Browsing by Author "Cooper, Tessa June Groves"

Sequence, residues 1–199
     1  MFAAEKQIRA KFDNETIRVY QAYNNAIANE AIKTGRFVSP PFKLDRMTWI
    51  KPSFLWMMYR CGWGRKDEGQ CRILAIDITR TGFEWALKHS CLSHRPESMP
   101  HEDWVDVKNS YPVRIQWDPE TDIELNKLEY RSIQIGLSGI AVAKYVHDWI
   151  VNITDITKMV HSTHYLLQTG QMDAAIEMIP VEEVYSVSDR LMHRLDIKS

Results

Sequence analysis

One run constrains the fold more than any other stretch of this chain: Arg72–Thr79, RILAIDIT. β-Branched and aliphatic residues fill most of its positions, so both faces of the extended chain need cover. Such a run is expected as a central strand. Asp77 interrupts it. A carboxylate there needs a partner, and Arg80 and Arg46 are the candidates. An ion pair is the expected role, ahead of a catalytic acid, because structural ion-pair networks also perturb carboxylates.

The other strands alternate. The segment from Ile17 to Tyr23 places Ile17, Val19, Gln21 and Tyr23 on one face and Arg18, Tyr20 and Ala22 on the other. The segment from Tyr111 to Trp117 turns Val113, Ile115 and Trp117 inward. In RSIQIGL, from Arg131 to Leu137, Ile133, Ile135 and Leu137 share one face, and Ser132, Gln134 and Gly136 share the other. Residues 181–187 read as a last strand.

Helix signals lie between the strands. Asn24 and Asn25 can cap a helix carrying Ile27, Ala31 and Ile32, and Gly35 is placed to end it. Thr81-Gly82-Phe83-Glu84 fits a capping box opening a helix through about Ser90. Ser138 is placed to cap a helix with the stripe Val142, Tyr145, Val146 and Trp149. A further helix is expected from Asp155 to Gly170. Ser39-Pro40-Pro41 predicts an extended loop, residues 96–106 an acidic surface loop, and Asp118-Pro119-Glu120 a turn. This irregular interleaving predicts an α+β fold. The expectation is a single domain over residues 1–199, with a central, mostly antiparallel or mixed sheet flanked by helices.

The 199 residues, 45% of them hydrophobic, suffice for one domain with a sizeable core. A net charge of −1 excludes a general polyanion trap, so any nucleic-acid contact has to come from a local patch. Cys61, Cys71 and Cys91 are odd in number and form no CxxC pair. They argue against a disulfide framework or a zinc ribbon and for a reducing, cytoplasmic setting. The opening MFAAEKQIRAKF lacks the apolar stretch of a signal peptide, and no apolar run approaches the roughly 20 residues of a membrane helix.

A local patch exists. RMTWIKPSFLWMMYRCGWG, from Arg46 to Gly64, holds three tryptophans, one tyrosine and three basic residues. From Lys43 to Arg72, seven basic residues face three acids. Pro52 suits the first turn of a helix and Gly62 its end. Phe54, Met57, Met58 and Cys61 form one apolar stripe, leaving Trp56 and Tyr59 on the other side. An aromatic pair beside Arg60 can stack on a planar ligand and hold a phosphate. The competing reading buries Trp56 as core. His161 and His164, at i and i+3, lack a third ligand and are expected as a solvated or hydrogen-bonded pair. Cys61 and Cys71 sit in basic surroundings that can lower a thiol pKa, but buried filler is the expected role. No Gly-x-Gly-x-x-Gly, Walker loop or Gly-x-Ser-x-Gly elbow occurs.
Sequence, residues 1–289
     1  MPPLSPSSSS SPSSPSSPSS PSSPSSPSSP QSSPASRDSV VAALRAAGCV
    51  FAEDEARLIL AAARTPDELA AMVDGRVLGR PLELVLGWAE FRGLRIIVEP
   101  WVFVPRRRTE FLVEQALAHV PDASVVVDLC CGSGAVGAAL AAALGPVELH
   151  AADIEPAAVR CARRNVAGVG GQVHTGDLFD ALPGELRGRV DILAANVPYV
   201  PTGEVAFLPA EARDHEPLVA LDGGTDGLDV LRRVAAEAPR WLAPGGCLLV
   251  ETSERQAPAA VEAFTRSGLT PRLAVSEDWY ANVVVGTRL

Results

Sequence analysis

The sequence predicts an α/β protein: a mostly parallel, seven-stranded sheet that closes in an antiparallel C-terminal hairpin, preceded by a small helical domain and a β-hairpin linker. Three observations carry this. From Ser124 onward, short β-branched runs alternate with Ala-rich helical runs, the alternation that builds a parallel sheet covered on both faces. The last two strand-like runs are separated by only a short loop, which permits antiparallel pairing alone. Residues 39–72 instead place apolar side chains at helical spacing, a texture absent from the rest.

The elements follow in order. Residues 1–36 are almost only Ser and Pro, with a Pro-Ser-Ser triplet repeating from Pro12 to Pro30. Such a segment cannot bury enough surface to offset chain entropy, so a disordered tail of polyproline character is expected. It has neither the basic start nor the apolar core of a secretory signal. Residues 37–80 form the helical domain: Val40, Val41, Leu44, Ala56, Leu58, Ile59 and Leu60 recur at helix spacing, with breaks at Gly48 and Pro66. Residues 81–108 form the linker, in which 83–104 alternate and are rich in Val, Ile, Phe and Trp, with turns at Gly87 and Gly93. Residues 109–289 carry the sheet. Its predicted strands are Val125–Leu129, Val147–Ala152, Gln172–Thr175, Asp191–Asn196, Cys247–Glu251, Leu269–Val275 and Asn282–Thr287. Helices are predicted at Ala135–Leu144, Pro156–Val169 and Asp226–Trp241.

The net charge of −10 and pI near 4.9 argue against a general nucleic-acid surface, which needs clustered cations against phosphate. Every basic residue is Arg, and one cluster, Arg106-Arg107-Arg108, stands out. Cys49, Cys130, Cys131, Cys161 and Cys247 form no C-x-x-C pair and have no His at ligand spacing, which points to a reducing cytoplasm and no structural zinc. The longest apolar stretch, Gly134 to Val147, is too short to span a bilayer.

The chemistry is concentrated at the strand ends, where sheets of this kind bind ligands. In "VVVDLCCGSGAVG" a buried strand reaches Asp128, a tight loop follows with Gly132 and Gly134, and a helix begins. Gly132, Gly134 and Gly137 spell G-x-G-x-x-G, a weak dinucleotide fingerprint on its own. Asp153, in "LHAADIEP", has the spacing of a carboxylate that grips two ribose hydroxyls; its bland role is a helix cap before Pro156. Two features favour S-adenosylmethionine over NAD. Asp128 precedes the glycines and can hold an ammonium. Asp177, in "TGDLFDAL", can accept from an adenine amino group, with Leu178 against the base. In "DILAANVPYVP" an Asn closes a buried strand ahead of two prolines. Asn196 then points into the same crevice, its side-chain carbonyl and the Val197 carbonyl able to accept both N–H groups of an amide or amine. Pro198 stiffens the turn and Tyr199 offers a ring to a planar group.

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- ItemThe effects of land use changes on the distribution of forest dependent bird species in South Africa(Stellenbosch : Stellenbosch University, 2015-12) Cooper, Tessa June Groves; Cherry, M. I.; Wannenburgh, Andrew; Stellenbosch University. Faculty of Science. Dept. of Botany and Zoology.ENGLISH ABSTRACT: Forests in South Africa have had a long history of human utilization and disturbance, and are under threat from a variety of anthropogenic land use changes. Foremost of these are deforestation and forest degradation, impacting the species native to these forests. The aims of this study were to determine changes in the distribution of forest dependent bird species according to the South African Bird Atlas Project; to relate these changes to changes in land-use; to identify links between these changes; to determine the extent, location and causes of the decline of each forest dependent bird species; and to identify current risks to forest dependent bird species in South Africa. Range data on 57 forest dependent bird species from SABAP1 (1987-1992) and SABAP2 (2007-present) were analyzed. Of these, 28 species were found to have declining ranges. Thirty sites across South Africa were identified as being most at risk, with all having experienced a loss of more than 10 of the 57 forest dependent bird species between SABAP1 and SABAP2. The range change data of the 28 species with decreasing ranges were correlated with data on changes in land cover over the same time period to infer relationships between changes in land use and change in bird ranges. Occupancy modelling was done to determine which land cover types affect extinction and initial presence. Individual species characteristics were analyzed to determine links between characteristics and response to land use change. A pan-European trait-based risk assessment framework was applied to all 57 species to identify habitats and species most at risk, as well as the most important threats to species persistence. Results showed that natural vegetation decreased in 67% of sites, while plantations and cultivation increased in 50% of sites. Occupancy modelling showed extinction likelihood to increase with plantations in some species, while plantations mitigated extinction likelihood in other species. Urbanization and cultivation likewise mitigated extinction likelihood in some species. Natural vegetation was replaced by cultivation, while cultivation was replaced by urbanization. The number of species lost increased with a loss of natural vegetation. Twenty two of the thirty sites experienced deforestation of indigenous forests between 2000 and 2013/2014; changes in natural vegetation in these sites can be attributed primarily to deforestation, and a loss of plantations. While most at-risk sites were in the Eastern Cape, there was no geographic grouping of species loss or of land use change. Most species lost were birds of prey or insectivores, and species characteristics and habitat preferences determined the sites from which they were lost. The Cape parrot (Poicephalus robustus), rufous-chested sparrowhawk (Accipiter rufiventris) and the migratory Eurasian golden oriole (Oriolus oriolus) suffered the largest declines in range size and are thought to be most at risk. Montane forests were found to be more at risk than other forest types. The major risks facing montane forests were increased abundance of small predators, increased fire suppression, increased soil management, removal of deadwood and reduced diversity of tree species. These threats are all products of plantation forestry and local harvesting. Nesting risk was higher than foraging risk for all species, indicating that nesting habitat should be better preserved. Half of South Africa’s forest dependent bird species have declining ranges, with the loss of these species most prominent in the Eastern Cape. Natural vegetation loss, comprising mostly recent deforestation; increased cultivation and urbanization; and changes in plantation cover are thought to be the main factors determining these declines. Montane forests in particular should be better protected to preserve forest dependent species, and the negative effects of plantation forestry and local harvesting should be mitigated.